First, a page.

For more information, please click here.

Flu

What is the flu?

Influenza (flu) is a contagious respiratory illness caused by influenza viruses. It can cause mild to severe illness. Young children, older adults, and people with certain medical conditions can be at risk for serious complications.
 

Flu Symptoms

The flu is different from a cold. The flu usually comes on suddenly. People who have the flu often feel some or all of these symptoms:
• Fever* or feeling feverish/chills
• Cough
• Sore throat
• Runny or stuffy nose
• Muscle or body aches
• Headaches
• Fatigue (tiredness)
• Some people may have vomiting and diarrhea, though this is more common in children than adults.
• * It's important to note that not everyone with flu will have a fever.
 

At this time, we are recommending that families follow basic guidelines for reducing the risk of transmission of the flu including but not limited to the following:

1. Cover your nose and mouth with a tissue when coughing and sneezing or cough into the inside your elbow. If you use a tissue, throw it in the trash immediately.
2. Wash your hands frequently with soap and water, especially before eating and after using the restroom. Hand sanitizers are also effective.
3. Avoid touching your eyes, nose or mouth because germs are spread this way.
4. If your student has a fever of 100.0 degrees or higher or is vomiting, he/she is required to stay home from school until fever free/ without vomiting for 24 hours.
5. It is also recommended that you contact the doctor regarding your student's symptoms.
6. Speak with your doctor about the flu vaccine. For more information, see Key Facts about Seasonal Flu Vaccine.
HealthOffice2014.jpgHealth Office Team

Medical Records Save Lives!

 

All Campbell Hall students are required to forward and maintain updated health records with the health office. In preparation for the 2014-2015 school year, please familiarize yourselves with the two-part Health Office Registration.

Part 1: Please submit the online InfoSnap form. You will receive an email from lagalyca@campbellhall.org that provides specific login directions to complete the form.

Part 2a: Please complete the packet of hardcopy forms you will receive in a mailer from the Health Office midway through April (these forms are also provided below). There are two required forms for every student: the Physical Form, and the CA Report of Health Exam as proof of immunization. The expectation is that all student health forms are on file at Campbell Hall for the first day of school in August. If your student does not receive his/her annual physical exam during the Spring/Summer health registration period, you must have your doctor fill out the registration forms with information from the student's exam conducted within the last 12 months.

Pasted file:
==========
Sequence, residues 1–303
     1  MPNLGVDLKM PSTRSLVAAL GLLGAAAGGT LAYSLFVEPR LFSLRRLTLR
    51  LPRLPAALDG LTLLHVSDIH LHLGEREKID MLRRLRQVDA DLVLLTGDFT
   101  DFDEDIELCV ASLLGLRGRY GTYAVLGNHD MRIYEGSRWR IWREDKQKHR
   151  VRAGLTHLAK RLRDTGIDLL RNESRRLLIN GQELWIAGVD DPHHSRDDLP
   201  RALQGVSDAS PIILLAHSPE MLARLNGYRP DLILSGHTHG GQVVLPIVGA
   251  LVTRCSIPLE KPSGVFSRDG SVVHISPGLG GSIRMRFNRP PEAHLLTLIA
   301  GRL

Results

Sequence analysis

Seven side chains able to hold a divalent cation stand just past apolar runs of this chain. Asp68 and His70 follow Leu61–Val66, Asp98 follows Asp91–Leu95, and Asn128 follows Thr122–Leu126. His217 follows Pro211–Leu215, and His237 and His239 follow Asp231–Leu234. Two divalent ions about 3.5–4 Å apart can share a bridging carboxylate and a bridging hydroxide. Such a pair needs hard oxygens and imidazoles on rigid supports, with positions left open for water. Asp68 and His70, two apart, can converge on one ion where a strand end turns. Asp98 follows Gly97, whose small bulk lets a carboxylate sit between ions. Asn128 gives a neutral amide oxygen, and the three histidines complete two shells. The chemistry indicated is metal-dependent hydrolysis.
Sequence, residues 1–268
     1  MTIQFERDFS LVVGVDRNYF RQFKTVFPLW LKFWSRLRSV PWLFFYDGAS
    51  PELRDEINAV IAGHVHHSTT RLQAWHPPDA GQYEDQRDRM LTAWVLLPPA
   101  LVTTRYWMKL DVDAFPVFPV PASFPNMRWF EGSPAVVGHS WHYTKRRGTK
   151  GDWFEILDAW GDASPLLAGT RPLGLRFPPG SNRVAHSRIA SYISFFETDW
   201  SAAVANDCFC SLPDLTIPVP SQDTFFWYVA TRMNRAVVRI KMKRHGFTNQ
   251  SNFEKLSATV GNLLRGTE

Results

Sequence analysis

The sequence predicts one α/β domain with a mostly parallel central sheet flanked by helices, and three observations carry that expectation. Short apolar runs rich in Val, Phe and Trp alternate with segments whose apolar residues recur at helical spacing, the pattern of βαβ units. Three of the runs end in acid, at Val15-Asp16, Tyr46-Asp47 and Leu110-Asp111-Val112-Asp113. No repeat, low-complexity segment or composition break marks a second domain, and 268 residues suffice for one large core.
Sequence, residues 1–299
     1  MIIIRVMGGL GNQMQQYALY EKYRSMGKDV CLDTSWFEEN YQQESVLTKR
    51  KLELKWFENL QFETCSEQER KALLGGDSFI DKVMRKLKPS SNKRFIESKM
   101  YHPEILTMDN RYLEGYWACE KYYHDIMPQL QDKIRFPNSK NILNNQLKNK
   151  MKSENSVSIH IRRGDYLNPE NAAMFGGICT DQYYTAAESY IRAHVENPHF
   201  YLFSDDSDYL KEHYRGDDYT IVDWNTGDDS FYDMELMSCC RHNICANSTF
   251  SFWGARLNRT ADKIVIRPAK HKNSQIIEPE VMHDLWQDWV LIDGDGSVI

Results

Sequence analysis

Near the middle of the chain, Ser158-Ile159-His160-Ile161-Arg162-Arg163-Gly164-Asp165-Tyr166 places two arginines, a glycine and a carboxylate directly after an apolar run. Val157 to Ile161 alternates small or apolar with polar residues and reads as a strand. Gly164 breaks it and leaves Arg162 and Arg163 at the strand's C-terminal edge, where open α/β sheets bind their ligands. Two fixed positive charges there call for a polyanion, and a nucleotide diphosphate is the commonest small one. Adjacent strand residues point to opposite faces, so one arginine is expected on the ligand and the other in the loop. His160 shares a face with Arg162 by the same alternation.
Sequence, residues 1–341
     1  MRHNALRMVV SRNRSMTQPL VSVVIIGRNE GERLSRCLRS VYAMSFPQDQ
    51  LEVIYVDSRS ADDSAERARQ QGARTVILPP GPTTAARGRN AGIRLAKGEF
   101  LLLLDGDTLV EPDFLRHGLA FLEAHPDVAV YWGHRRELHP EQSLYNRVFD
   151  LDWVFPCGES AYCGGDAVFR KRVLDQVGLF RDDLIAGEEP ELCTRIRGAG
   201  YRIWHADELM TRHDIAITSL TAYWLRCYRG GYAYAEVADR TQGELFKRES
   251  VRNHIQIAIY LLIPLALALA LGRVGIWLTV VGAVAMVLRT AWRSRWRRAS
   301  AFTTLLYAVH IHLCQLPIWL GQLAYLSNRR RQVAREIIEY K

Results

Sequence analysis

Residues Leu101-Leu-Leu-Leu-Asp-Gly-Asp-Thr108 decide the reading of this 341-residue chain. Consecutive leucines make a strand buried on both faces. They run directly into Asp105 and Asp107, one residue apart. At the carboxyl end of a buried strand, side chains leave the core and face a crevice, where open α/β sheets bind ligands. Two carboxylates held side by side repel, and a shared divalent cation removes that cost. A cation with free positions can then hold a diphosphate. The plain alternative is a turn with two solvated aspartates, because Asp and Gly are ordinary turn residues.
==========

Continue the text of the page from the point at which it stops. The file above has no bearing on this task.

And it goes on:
Part 2b: Also, please review the following three situations that may apply to your child. First, if your child is entering 7th grade, he or she is required to receive a Tdap Booster shot according to Assembly Bill 354. Second, if your child does not receive immunizations, the physician must fill out the CA Personal Beliefs Exemption Form. Lastly, if your child requires medication to be administered on campus or on field trips, please fill out one Medication Form for each medication. Below is a checklist of requirements for your convenience.

After completing the forms, please remember to make copies for your own personal records. Using the envelope provided in the Health Office mailer, please return the original hardcopy forms to the Health Office by mail or in person before Tuesday, July 1, 2014.

Item

 

Due by

InfoSnap
required for every student

Submit Online

June 2

Physical Form
required for every student

Green hardcopy

July 1

CA Report of Health Exam
required for every student as proof of immunization

White hardcopy

Tdap Booster Shot
required for rising 7th graders only

Immunization

CA Personal Beliefs Exemption to Required Immunizations
required if student does not receive immunizations

White hardcopy

Medication Form
complete if necessary – one form for each medication

Yellow hardcopy


Any questions? Please don't hesitate to contact the Health Office.

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    Questions?

    Kelly Moulton, RN
    School Nurse
    Office: 818.505.5355
    Fax: 818.505.2460

     

    Catherine LaGaly
    Administrative Assistant
    Office: 818.505.5327
    Fax: 818.505.2460

     

    Jacquelyn Loya, ATC
    Health Office Athletic Trainer
    Office: 818.505.5355
    Fax: 818.505.2460